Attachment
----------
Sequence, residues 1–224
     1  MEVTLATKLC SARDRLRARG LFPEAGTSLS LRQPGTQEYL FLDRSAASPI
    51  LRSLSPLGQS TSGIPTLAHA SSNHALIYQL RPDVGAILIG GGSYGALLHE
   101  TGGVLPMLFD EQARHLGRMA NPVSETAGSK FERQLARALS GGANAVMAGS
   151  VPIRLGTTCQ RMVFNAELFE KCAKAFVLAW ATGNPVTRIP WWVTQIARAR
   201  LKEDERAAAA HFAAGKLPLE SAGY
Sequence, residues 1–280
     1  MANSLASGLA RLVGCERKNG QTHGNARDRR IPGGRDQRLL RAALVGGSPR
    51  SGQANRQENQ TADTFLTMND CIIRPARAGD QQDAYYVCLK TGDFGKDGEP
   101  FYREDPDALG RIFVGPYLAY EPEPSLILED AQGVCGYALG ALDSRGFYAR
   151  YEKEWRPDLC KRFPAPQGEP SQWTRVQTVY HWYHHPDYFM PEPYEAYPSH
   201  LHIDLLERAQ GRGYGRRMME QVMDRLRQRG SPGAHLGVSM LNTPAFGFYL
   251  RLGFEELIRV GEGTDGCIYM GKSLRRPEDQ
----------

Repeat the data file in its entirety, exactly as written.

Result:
Sequence, residues 1–224
     1  MEVTLATKLC SARDRLRARG LFPEAGTSLS LRQPGTQEYL FLDRSAASPI
    51  LRSLSPLGQS TSGIPTLAHA SSNHALIYQL RPDVGAILIG GGSYGALLHE
   101  TGGVLPMLFD EQARHLGRMA NPVSETAGSK FERQLARALS GGANAVMAGS
   151  VPIRLGTTCQ RMVFNAELFE KCAKAFVLAW ATGNPVTRIP WWVTQIARAR
   201  LKEDERAAAA HFAAGKLPLE SAGY
Sequence, residues 1–280
     1  MANSLASGLA RLVGCERKNG QTHGNARDRR IPGGRDQRLL RAALVGGSPR
    51  SGQANRQENQ TADTFLTMND CIIRPARAGD QQDAYYVCLK TGDFGKDGEP
   101  FYREDPDALG RIFVGPYLAY EPEPSLILED AQGVCGYALG ALDSRGFYAR
   151  YEKEWRPDLC KRFPAPQGEP SQWTRVQTVY HWYHHPDYFM PEPYEAYPSH
   201  LHIDLLERAQ GRGYGRRMME QVMDRLRQRG SPGAHLGVSM LNTPAFGFYL
   251  RLGFEELIRV GEGTDGCIYM GKSLRRPEDQ